It was one of the world’s foremost political scientists, Arend Lijphart of the University of California, San Diego, who first developed the concept of consociationalism as a method of governing states that are deeply divided by ethnicity, language or religion.
Not surprisingly, Lijphart, who specializes in comparative politics, elections, and electoral systems, was Dutch by birth – because it was in the Netherlands where this idea, then called pillarization (“verzuiling” in Dutch), was first put into practice.
His first major work, “The Politics of Accommodation: Pluralism and Democracy in the Netherlands,” was published in 1968, and he developed his arguments further in his 1977 book “Democracy in Plural Societies: A Comparative Exploration.”
The goals of consociationalism are governmental stability and the avoidance of violence. A consociational, or power-sharing, system, acknowledges bedrock, permanent difference between the constituent communities.
Each officially recognized group has a say in the governing institutions of the country, and their interests are safeguarded by various political mechanisms, including autonomy in the cultural sector, separate voting rolls or proportionality in the electoral system, guaranteed representation in a legislature, the right to veto legislation which might affect them adversely, a set number of positions in the executive branch of government and in public sector employment, and so forth.
Hence, they all participate in decision-making at the central level of government and, unlike in a majoritarian political system, no ethnic or religious majority cannot ride roughshod over the interests of another group just because the latter has fewer members.
While such mechanisms are today in place (or have failed) in such fragile polities as Bosnia-Herzegovina, Cyprus, Fiji, Lebanon, and Northern Ireland, they were pioneered in the Netherlands, where the system was in operation between 1917 until the late 1960s.
The Dutch system of pillarization or “confessional pluralism” was the creation of the politician and theologian Abraham Kuyper, who served as prime minister from 1901 to 1905. In 1917 the constitution was changed in order to resolve the ongoing conflict between religious and secular parties. It implemented both proportional representation and equal funding for secular and religious schools.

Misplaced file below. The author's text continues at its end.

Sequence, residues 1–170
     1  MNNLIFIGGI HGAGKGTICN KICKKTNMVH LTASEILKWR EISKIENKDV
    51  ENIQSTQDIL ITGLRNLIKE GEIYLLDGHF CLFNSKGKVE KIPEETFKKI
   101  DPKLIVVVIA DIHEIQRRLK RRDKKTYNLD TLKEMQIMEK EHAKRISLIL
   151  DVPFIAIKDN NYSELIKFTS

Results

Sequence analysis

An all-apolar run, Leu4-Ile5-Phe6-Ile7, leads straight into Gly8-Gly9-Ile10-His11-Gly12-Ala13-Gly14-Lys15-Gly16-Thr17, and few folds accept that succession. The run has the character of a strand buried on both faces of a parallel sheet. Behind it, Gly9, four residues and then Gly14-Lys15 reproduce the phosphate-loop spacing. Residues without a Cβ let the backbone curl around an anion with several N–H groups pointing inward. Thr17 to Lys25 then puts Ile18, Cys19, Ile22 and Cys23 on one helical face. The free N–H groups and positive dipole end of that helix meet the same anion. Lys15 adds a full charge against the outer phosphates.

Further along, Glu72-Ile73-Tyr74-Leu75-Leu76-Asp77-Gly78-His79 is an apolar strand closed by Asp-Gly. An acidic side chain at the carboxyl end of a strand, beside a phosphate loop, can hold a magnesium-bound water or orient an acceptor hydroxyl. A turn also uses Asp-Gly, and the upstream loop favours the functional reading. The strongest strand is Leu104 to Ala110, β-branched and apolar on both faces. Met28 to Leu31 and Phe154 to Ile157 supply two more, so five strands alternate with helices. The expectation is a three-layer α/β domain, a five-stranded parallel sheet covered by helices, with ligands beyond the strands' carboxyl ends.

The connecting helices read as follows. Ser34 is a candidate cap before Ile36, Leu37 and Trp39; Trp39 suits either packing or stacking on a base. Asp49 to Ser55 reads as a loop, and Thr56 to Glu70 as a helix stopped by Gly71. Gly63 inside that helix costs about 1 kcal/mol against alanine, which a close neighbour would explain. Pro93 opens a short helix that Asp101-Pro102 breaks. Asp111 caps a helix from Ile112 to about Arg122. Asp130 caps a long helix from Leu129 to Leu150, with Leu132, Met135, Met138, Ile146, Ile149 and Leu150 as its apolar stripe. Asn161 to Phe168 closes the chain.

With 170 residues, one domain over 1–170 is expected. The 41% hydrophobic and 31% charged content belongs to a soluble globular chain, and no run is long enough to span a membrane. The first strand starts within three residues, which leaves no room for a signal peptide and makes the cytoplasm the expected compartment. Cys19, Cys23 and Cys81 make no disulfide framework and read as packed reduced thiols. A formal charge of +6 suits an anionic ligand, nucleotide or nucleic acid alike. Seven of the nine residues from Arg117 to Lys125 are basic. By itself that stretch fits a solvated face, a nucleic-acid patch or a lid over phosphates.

This “pacification,” as it was called, had by the 1920s divided Dutch society into four ideological communities: Catholics, orthodox Protestants (Calvinists), socialists, and liberals.
These were self-sufficient subcultures that rarely interacted. The Catholics and Calvinists had their own parties, unions, farmers’ associations, radio stations, and newspapers; socialists too belonged to socialist trade unions, listened to socialist radio, read socialist newspapers, and interacted mainly with other socialists.
Kuyper’s vision for keeping the peace among different ideological communities broke down in the 1960s as Dutch society changed and became more integrated; the old identities became less salient.
Still, even today some institutions in the Netherlands revolve around the old cleavages. For instance, public television is divided by several pillarised organizations, instead of being one organization. The education system, too, is split between public and religious schools.
For the past century, the political system has been dominated by three political party “families”: the Christian Democrats, currently represented by the Christian Democratic Appeal (Christen-Democratisch Appel, or CDA); the social democrats, now in the Labour Party (Partij van de Arbeid, or PvdA); and the liberals, of which the right of centre People’s Party for Freedom and Democracy (Volkspartij voor Vrijheid en Democratie , or VVD) is the main grouping today.
And despite the growth of more extreme parties, especially the right-wing populist Party for Freedom (Partij voor de Vrijheid, or PVV) led by Geert Wilders, Dutch politics and governance remains characterised by a common striving for broad consensus on important issues.
All Dutch governments are coalitions. The current one, led by Prime Minister Mark Rutte of the VVD, comprises his party and the PvdA.
Henry Srebrnik is a professor of political science at the University of Prince Edward Island.